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Jury Nullification | 21 Feb 2014

-The ‘Crime’ of Having a Hidden Compartment in Your Car

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Jury BoxNo drugs? No problem! Cops in several states already can or hope soon to be able to arrest you simply for HAVING EMPTY SPACE in the car where you MIGHT be able to hide drugs EVEN IF YOU HAVEN’T!

The ‘Crime’ of Having a Hidden Compartment in Your Car

Last fall, Ohio state troopers pulled 30-year-old Norman Gurley over for speeding. Detecting an “overwhelming smell of raw marijuana,” officers spent hours searching the vehicle and found no contraband.

But they did discover an empty secret compartment.

For that, police hauled Gurley, who has no criminal record, off to jail. Gurley became the first person arrested under a new Ohio statute that makes it a crime to “knowingly operate … a vehicle with a hidden compartment … used or intended to be used to facilitate the unlawful concealment … of a controlled substance.”

Lawmakers in Ohio are not alone in enacting or envisioning bans on unauthorized empty space. California, Georgia, Illinois, and Oregon have similar prohibitions on the books. Legislators in Iowa, Maryland, and New Jersey may add them this session. Similar bills have been filed in Delaware, Massachusetts, Pennsylvania, and Virginia in recent years.

While it is difficult to find any benefit to society from wasting money locking harmless people up for having hidden empty spaces in their cars that they may not even know about themselves, it is easy to spot the benefit to law enforcement. George Washington University law professor Jonathan Turley explains:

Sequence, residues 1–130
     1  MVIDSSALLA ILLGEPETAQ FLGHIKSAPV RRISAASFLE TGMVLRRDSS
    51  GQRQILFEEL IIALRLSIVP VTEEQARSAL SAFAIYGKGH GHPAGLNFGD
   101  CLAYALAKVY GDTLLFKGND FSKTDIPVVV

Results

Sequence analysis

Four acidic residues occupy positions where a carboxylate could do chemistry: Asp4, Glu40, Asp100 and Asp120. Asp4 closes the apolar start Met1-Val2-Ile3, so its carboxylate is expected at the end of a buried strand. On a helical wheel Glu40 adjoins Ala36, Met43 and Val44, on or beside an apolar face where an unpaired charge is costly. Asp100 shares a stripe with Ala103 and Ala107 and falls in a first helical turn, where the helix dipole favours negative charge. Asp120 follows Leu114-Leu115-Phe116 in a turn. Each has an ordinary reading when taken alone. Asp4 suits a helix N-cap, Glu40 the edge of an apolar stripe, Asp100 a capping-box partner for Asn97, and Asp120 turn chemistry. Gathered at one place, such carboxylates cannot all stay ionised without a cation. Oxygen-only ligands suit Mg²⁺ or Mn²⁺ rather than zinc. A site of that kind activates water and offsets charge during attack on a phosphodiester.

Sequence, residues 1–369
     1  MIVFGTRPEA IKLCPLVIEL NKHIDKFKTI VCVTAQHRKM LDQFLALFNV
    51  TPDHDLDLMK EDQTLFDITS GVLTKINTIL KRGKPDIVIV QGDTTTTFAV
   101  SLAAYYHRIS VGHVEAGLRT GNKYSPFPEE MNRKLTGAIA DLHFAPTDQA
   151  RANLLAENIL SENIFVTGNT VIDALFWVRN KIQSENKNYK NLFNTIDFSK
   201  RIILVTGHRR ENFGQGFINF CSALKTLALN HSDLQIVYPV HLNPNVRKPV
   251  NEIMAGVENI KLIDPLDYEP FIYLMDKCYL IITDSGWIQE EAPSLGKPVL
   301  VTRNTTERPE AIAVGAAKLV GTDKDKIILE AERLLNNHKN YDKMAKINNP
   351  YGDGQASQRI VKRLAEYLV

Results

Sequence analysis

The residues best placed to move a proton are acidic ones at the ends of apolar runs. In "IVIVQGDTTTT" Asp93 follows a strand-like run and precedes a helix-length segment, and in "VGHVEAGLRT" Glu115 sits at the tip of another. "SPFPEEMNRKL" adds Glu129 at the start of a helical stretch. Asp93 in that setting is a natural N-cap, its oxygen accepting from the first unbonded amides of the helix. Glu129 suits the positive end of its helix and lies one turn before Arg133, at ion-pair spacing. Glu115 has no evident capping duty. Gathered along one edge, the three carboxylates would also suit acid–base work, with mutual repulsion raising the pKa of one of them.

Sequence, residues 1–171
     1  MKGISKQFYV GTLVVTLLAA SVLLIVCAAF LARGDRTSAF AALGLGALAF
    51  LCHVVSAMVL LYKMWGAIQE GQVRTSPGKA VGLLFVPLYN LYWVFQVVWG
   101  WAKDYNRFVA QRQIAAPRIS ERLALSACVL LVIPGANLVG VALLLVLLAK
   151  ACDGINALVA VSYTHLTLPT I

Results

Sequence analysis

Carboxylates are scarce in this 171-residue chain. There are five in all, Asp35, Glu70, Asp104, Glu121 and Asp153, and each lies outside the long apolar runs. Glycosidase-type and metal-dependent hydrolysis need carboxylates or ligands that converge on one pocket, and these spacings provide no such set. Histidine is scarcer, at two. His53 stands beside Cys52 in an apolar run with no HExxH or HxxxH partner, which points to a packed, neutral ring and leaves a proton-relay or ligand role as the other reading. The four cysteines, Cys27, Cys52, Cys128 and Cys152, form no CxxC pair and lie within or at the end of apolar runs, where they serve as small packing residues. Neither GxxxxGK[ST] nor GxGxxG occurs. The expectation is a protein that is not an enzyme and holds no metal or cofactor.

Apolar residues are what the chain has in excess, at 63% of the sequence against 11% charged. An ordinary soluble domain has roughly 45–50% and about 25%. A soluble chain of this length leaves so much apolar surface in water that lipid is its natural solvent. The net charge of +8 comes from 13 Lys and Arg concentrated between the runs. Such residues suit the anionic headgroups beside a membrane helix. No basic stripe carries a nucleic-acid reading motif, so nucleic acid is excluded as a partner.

Ohio Man Arrested For Having Hidden Compartment In The Car . . . Without Drugs Or Guns

Note that prosecutors already have criminal enterprise and conspiracy laws to nail people involved in the drug trade. This crime turns on the dubious distinction of an intention to use the compartment for illegal purposes. Moreover, it allows for the proliferation of charges in cases where drugs are found. Instead of just being charged with the drug possession, intent to distribute, and other conventional charges, the Ohio prosecutors can add a charge for the actual compartment in the car. Such proliferation of counts allows prosecutors to force people to plead guilty to avoid long potential sentences.

This is another on an already looming stack of tactics the government has to bully people into forfeiting their right to trial by jury, and as a result, any hope of jury nullification.

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